Vladimir Ashkenazy, The Vital Juices Are Russian

A film by Christopher Nupen

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On the 8th of June 1968 Vladimir Ashkenazy, with his Icelandic wife Thorunn and their two children, arrived at their new home in Reykjavik in Iceland. It was a crucial moment in their lives. They had left the Soviet Union in 1963, with the help of Nikita Kruschev, and for five years had lived in London.

Coming to terms with living in the West and with the pressures of a high level international concert career had proved difficult however and they felt that they needed more space and more time, both for their private and for their professional lives.

In his teens Ashkenazy had won several Major prizes including the Second Prize at the Chopin Competition in Warsaw in 1955, the First Prize in the Queen Elisabeth Competition in Brussels in 1956 and the joint First Prize at the Tchaikovsky Competition in Moscow in 1962. He nevertheless felt that he had been inadequately prepared by the Russian educational system. He felt strongly that while he was totally at home with Russian music he was not close enough to the great traditions of the West.

As subsequent events have proved, those anxieties say more about his earnestness than about his abilities, but the worries were real enough at the time.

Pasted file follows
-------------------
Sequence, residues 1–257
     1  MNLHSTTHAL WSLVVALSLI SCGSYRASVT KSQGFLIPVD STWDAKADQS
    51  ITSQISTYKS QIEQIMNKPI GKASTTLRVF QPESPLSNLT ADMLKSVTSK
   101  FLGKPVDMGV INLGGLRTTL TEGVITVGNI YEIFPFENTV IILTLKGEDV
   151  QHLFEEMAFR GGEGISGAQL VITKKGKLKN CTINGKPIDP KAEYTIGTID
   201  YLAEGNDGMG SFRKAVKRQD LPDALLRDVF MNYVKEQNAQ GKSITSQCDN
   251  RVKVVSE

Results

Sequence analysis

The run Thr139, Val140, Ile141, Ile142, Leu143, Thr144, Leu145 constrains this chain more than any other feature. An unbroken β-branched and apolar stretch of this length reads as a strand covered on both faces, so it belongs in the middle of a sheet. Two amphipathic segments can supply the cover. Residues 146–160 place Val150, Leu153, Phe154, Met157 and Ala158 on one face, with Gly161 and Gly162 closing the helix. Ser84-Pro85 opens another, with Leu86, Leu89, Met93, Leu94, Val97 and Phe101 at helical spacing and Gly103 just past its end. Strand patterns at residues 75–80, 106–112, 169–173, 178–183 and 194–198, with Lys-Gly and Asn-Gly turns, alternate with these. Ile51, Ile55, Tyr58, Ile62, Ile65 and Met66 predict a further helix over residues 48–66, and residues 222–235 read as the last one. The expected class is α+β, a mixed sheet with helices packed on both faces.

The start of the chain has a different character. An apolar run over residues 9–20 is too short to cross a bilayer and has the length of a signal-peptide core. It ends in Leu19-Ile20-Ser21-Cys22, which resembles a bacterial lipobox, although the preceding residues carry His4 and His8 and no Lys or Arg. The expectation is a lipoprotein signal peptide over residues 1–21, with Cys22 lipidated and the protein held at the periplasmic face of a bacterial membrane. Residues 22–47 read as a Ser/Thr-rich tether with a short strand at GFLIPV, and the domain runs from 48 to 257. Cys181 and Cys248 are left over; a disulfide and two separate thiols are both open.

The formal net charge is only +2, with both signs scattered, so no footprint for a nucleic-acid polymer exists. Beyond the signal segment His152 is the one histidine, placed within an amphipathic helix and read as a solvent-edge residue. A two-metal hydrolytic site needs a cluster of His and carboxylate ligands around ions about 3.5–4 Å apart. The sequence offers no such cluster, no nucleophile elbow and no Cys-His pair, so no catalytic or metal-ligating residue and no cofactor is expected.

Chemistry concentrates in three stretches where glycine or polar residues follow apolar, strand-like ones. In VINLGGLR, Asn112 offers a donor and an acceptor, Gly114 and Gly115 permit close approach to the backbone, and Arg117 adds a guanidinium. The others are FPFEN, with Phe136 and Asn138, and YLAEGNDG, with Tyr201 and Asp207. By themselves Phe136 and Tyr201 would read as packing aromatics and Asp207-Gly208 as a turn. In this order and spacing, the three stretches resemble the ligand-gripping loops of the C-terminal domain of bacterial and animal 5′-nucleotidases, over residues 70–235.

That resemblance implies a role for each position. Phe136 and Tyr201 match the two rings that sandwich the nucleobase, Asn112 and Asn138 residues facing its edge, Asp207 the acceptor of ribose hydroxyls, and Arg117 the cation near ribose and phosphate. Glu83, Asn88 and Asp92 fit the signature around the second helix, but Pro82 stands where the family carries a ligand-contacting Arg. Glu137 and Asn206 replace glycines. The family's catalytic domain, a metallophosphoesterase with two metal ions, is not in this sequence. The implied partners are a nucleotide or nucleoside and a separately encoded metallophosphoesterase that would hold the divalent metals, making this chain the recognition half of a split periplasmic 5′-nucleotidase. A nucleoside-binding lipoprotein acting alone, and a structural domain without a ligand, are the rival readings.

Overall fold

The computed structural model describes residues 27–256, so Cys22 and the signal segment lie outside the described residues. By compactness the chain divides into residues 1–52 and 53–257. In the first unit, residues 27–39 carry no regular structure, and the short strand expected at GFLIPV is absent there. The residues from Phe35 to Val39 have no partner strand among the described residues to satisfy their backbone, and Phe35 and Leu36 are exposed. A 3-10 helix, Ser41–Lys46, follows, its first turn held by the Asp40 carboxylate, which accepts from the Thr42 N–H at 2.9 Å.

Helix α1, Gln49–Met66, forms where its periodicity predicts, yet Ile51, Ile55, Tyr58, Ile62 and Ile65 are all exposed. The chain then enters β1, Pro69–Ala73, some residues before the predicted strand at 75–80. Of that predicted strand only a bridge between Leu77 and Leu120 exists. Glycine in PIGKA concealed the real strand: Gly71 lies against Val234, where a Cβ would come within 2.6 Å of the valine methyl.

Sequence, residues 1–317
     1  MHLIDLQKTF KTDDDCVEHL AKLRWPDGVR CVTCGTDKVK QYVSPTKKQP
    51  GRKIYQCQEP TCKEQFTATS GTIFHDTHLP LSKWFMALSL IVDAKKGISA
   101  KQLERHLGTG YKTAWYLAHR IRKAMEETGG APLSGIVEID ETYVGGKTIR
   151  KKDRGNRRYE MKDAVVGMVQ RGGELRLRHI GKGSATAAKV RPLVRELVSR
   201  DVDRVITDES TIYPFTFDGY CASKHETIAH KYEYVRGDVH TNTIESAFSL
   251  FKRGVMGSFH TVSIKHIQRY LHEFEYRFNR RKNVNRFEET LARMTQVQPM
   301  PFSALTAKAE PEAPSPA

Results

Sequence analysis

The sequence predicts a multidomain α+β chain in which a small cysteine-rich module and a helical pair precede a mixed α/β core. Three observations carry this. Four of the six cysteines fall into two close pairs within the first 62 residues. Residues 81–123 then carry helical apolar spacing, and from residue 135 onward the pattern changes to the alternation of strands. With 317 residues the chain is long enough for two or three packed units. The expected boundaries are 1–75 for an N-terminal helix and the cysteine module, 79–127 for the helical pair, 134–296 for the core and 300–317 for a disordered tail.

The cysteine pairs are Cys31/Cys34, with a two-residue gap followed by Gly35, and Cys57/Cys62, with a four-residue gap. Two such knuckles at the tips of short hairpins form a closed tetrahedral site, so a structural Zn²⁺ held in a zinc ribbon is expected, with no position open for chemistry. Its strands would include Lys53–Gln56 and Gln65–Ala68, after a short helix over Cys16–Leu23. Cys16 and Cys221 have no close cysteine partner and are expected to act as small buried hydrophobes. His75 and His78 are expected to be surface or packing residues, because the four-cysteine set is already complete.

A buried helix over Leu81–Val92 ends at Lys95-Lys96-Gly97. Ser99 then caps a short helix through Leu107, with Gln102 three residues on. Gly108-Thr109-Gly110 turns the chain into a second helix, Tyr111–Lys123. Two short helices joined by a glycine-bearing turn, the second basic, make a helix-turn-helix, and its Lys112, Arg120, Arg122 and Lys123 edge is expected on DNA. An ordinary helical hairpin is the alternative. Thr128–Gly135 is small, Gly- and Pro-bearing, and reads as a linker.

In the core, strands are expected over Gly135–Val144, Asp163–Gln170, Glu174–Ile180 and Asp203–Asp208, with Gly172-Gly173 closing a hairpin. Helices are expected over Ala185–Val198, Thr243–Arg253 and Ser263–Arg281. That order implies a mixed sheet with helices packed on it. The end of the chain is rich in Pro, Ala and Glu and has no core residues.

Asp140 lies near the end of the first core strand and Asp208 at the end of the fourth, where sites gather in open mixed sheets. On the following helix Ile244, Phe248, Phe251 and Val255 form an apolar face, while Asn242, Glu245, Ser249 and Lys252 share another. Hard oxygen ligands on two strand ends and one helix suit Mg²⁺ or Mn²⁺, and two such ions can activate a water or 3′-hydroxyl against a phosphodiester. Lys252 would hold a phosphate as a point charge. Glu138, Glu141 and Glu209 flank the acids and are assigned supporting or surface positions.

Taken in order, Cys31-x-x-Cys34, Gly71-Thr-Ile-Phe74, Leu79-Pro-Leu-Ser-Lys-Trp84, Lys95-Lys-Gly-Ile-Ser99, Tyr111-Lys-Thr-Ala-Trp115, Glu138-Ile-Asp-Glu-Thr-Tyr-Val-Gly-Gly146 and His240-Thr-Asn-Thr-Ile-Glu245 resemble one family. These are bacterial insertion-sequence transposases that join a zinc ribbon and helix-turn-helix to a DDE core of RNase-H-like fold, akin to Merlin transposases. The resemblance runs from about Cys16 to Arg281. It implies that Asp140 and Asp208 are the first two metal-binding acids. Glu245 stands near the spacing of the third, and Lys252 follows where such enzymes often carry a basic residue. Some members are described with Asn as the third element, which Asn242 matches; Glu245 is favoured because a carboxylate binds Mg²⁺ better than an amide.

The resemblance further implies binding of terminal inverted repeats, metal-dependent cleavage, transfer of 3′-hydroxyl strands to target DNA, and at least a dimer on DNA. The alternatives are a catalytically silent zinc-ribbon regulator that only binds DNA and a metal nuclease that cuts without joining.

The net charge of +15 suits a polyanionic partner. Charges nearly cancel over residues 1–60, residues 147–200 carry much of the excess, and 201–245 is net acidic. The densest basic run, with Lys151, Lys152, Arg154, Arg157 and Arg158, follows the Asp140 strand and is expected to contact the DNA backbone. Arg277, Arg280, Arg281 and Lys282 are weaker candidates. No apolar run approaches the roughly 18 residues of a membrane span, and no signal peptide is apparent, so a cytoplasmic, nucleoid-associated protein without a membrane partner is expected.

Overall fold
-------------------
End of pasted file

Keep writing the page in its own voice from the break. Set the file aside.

It seemed to us an ideal moment to make a film about this Russian-born master pianist who has very particular personal appeal. We sought to discover how he was adaptin to life and music in the Western world, so we went with him to Iceland to film him and his family during their first days there.

The title comes from a statement which he makes in the film.

 After moving to the West, Ashkenazy's career had taken off at an almost alarming rate. It had been boosted, dramatically, by the international success of our film Double Concerto in which he and Daniel Barenboim had appeared together for the first time. That film, after winning both the Prague and Monte Carlo prizes, was shown in 18 countries within 12 months of its first broadcast and attracted, for both artists, an international public that might otherwise have taken them 20 years or more to build.

The success, however, further increased the pressures. 

Films of this kind depend heavily on being in the right place at the right time and we felt that we had begun at an auspicious moment. So we followed our couple from Iceland on a tour of Europe, to continue observing them at a time when they were deeply engaged in a process of dramatic change and reflecting daily on their situation and their problems.

The film includes sequences with Itzhak Perlman, Daniel Barenboim, Edo de Waart and the Rotterdam Philharmonic Orchestra. There is music by Beethoven, Chopin, César Franck and Stravinsky.

It is also a closely observed account of one of the most demanding and rewarding of all professions. In 1972, after having seen it, Ingmar Bergman said it was the best documentary he had seen about a living musician.

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